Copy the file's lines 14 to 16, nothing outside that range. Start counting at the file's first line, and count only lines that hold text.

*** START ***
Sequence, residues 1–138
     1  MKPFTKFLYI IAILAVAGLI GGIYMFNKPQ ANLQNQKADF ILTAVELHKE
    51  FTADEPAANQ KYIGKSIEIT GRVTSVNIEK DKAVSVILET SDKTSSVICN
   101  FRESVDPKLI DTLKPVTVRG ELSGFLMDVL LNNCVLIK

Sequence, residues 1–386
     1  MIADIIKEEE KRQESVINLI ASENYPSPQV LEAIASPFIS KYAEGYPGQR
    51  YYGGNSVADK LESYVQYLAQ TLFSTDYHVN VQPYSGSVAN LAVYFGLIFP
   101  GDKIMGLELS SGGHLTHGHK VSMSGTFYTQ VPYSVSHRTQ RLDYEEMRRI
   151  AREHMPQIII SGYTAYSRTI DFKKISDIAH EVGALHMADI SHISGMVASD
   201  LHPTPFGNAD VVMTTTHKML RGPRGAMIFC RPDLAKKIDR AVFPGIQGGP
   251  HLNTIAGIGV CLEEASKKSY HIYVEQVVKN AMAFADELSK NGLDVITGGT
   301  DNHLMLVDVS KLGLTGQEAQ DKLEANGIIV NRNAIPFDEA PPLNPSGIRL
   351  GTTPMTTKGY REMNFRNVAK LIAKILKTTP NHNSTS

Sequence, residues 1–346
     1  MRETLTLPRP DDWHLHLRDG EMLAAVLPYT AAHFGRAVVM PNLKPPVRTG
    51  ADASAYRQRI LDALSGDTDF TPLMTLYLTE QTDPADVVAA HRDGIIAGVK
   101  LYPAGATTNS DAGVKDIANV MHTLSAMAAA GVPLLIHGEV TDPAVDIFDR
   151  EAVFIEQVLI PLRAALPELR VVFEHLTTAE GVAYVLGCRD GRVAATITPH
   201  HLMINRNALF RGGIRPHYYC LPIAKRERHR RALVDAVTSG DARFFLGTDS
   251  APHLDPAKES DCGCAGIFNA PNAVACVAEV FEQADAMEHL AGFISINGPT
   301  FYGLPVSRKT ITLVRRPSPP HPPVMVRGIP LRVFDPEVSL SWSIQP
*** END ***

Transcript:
Sequence, residues 1–346
     1  MRETLTLPRP DDWHLHLRDG EMLAAVLPYT AAHFGRAVVM PNLKPPVRTG
    51  ADASAYRQRI LDALSGDTDF TPLMTLYLTE QTDPADVVAA HRDGIIAGVK